Pope Francis’ Appeal For Poland To Welcome Refugees May Remain Unanswered
Pope Francis’s appeal to Polish people to welcome refugees into the country and to embrace EU integration may remain unanswered, according to an expert from the University of Leicester.
Dr Simona Guerra, Senior Lecturer from the University of Leicester Department of Politics and International Relations, has written an article for Think: Leicester, the University’s platform for independent academic opinion, discussing Pope Francis’s recent visit to Poland during the World Youth Day gathering to mark the 1,050th anniversary of Poland’s adoption of Christianity.
While Pope Francis appealed for people to show a merciful heart towards refugees and to welcome them into the country, Dr Guerra suggests that his call for mercy may remain unanswered due to the Polish Church and its concerns about the consequences of EU integration.
In the article Dr Guerra said, “The Polish Church has concerns on the consequences of EU integration, linked to secularization and consumerism and the focus was and is on the position of Poland towards EU integration and Polish culture and values, as the Church can successfully become both provider and defender of these values.”
Dr Guerra continued: “Pope Francis’s positions seem at odds with the local Church. In his speech at Blonia Park, he called for merciful hearts, saying: ‘A merciful heart can go out and meet others; it is ready to embrace everyone. A merciful heart is able to be a place of refuge for those who are without a home or have lost their home; it is able to build a home and a family for those forced to emigrate; it knows the meaning of tenderness and compassion. A merciful heart can share its bread with the hungry and welcome refugees and migrants. To say the word “mercy” along with you is to speak of opportunity, future, commitment, trust, openness, hospitality, compassion and dreams.”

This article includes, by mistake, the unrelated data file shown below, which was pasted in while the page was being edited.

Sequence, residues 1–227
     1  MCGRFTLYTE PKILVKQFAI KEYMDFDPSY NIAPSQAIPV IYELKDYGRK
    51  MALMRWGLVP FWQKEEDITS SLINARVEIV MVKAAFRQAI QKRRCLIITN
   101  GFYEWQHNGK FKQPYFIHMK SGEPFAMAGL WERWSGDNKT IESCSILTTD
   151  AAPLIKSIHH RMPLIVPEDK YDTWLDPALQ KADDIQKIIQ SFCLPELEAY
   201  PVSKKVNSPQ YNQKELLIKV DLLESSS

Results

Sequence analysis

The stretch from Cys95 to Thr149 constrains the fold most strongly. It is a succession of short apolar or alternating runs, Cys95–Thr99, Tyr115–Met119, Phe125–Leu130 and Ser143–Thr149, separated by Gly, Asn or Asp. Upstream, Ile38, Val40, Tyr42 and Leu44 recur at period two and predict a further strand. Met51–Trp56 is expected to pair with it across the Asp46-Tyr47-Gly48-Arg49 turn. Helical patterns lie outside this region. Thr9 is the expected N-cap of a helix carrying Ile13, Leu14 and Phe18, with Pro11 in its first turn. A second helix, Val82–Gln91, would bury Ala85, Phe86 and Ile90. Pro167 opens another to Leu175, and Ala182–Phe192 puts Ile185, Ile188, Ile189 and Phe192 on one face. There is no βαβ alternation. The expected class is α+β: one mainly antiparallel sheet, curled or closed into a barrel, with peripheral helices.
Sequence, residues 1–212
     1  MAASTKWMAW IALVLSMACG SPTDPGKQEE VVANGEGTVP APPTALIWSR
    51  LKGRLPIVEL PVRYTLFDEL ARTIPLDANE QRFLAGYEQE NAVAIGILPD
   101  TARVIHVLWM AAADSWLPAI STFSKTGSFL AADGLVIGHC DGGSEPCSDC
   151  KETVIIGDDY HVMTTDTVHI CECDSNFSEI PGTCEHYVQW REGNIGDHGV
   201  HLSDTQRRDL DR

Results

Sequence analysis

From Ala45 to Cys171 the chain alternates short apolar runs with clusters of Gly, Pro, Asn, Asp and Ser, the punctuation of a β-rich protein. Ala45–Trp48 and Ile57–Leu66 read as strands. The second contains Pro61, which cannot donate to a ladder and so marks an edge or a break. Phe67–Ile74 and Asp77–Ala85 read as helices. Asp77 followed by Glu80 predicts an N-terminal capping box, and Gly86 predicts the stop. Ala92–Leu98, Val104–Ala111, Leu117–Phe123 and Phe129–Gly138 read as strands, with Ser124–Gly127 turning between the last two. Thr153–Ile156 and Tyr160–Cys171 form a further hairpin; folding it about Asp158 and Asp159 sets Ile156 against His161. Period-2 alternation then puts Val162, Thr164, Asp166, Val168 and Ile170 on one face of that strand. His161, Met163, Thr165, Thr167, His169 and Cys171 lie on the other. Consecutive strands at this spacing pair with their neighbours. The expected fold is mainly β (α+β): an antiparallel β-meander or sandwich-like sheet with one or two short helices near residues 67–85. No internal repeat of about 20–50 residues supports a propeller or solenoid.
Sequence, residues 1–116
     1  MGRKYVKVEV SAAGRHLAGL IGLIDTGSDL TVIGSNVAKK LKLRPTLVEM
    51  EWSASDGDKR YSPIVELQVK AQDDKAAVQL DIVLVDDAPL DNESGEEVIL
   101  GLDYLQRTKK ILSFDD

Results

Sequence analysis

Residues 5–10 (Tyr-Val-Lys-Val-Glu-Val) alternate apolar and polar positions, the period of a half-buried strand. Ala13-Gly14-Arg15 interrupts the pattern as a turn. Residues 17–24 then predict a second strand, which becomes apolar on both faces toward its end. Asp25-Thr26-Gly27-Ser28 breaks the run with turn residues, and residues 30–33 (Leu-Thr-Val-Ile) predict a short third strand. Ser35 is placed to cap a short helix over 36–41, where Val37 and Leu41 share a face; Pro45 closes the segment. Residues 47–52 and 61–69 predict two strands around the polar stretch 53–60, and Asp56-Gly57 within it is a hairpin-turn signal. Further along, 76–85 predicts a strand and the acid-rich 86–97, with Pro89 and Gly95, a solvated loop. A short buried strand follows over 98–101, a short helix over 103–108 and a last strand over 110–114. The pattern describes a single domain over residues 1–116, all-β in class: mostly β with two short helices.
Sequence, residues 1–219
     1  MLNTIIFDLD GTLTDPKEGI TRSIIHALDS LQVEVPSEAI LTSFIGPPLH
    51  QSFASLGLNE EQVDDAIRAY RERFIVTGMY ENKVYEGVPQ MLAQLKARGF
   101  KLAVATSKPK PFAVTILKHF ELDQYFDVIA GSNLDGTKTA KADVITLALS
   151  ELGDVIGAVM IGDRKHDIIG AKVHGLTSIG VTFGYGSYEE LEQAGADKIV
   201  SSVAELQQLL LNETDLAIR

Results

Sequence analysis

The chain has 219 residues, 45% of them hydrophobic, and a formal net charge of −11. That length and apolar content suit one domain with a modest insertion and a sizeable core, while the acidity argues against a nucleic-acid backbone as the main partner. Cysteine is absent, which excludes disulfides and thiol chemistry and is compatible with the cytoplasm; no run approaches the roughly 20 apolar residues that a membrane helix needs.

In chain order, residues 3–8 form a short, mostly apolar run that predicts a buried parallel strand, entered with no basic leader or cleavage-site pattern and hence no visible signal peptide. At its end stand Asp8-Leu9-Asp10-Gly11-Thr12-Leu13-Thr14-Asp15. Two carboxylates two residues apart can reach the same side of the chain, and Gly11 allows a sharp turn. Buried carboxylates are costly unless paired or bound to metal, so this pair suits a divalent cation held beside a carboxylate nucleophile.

According to Dr Guerra, “This is not a shared position by Poland, where the government has maintained a rather strict position, in particular after the terrorist attacks in Europe, and where just a few months ago, in the Spring, about 64% of Poles wanted their country’s borders closed to refugees.”
Dr Guerra noted that, “While the European Commission stressed that it is important not to confuse the refugees’ crisis with security, Poland is currently again under the spotlight, after the January Constitutional crisis, as the Commission has given a three-month notice to take action to protect the rule of law in the country, before it may launch the unprecedented Article 7 procedure.”
In the opinion of Dr Guerra, “Pope Francis’s appeals may remain unanswered, while he met with Polish bishops in private, and repeated his call for mercy before leaving on Sunday late afternoon.”